This article by Stavros Atlamazoglou was originally published by Business Insider.
The Defense Department isn’t the only one with special-operations units.
Numerous U.S. government agencies and departments have specially selected, manned, and trained units with some unique mission sets.
Because of the Posse Comitatus Act, which makes it almost impossible to use the active-duty military in a domestic scenario, some of these units are the last line of defense in their respective jurisdictions. (The act does not apply to the U.S. Coast Guard.)
Here are the top 5:
Hostage Rescue Team (FBI)
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The HRT specializes on domestic counterterrorism and hostage rescue. It’s the law-enforcement equivalent of Delta Force and SEAL Team 6 and frequently trains with both units.
To apply for HRT, an FBI special agent must have served two to three years in a field office. To become an operator, he or she then must pass a grueling two-week selection and then a 32-week operator training course similar to Delta Force’s.
The HRT recruits heavily from the special-operations community. Former Navy SEALs, Delta Force operators, Rangers, and Pararescuemen are some of those recruited by the Bureau. Tom Norris, a Navy SEAL who won the Medal of Honor in Vietnam, was one of the first HRT operators despite missing an eye.
The unit is composed of about 100 operators and is split into two teams (Gold and Blue) that contain assault and sniper teams.
Aside from armored vehicles, the unit has its own helicopters and boats and frequently trains with the top military units, such as the Night Stalkers. HRT operators train in a variety of environments, including arctic, urban, and maritime and learn several infiltration methods such as free-fall parachuting and close-circuit diving.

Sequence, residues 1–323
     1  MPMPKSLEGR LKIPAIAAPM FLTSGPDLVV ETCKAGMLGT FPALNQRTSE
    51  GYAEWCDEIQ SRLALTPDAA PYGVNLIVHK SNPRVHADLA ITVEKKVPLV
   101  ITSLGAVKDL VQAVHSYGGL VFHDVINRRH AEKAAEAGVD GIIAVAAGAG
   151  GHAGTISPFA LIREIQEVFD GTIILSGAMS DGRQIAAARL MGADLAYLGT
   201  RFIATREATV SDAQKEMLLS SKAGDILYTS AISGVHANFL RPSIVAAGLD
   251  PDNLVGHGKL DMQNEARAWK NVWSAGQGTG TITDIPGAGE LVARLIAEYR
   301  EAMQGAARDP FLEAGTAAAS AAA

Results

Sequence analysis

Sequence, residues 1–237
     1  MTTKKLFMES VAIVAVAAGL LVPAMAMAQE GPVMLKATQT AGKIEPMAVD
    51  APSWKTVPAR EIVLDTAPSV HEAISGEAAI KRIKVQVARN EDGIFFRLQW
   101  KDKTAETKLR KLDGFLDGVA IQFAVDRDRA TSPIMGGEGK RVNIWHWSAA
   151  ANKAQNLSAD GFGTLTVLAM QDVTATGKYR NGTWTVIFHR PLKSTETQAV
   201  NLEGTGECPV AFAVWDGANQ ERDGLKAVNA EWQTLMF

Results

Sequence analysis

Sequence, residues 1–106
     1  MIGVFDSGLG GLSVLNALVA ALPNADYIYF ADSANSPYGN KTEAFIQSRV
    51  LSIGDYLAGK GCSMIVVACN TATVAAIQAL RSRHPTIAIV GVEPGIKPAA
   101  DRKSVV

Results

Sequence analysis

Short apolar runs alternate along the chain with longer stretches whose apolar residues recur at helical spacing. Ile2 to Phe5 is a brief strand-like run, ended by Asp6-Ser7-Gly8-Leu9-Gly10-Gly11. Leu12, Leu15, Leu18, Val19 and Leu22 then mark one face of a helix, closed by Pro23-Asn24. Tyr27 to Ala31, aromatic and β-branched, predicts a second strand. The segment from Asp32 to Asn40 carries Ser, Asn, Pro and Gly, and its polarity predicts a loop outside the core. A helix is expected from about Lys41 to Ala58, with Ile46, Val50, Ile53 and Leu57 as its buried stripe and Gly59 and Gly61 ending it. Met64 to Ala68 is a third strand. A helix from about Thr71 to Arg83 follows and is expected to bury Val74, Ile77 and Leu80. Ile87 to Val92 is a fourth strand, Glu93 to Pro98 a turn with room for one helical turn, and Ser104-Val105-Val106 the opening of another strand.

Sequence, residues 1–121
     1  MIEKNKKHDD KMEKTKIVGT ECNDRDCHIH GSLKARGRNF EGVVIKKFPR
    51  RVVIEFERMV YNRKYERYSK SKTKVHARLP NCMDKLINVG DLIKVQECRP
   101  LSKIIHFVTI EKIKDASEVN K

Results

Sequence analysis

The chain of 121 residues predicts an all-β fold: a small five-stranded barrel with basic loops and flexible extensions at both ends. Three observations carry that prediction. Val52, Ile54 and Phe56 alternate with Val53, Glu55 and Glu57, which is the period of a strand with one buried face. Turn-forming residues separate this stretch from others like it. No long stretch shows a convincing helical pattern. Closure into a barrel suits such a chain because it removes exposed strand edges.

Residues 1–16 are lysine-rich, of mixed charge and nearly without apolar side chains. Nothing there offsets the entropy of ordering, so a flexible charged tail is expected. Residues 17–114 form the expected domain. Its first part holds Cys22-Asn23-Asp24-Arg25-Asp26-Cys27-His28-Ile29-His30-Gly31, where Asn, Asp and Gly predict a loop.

HRT operators have deployed to the Balkans, Iraq, and Afghanistan alongside Joint Special Operations Command (JSOC) forces.
The HRT conducted successful hostage rescues in Alabama in 2013 and Atlanta in 2014. It also participated in the hunt for the Boston marathon bomber in 2013.
Maritime Security Response Teams (Coast Guard)
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The MSRTs are the Coast Guard’s elite. They specialize in maritime counterterrorism and high-risk maritime law enforcement. Like Navy SEALs, they also excel at Visit, Board, Search, and Seizure (VBSS) operations and often deploy outside the US.
The MSRT pipeline is almost 18 months and encompasses a variety of skills, including close-quarters battle, mission planning, fast-roping, and water survival.
Operators can then specialize in additional skills such as sniping, dog handling, and Chemical, Biological, Radiological, Nuclear, High Yield Explosive (CBRNE) detection.
There are two teams, MSRT-West in California and MSRT-East in Virginia, totaling 300 operators.
The Coast Guard can be put under the control of the Department of the Navy during wartime, but in peacetime it is part of the Department of Homeland Security.
But MSRTs often deploy on and use Navy ships as platforms for their operations. If they have to do an interdiction in US waters, the Navy crew must raise the Coast Guard’s ensign, putting the ship under Coast Guard control for the duration of the operation in order to comply with the Posse Comitatus Act.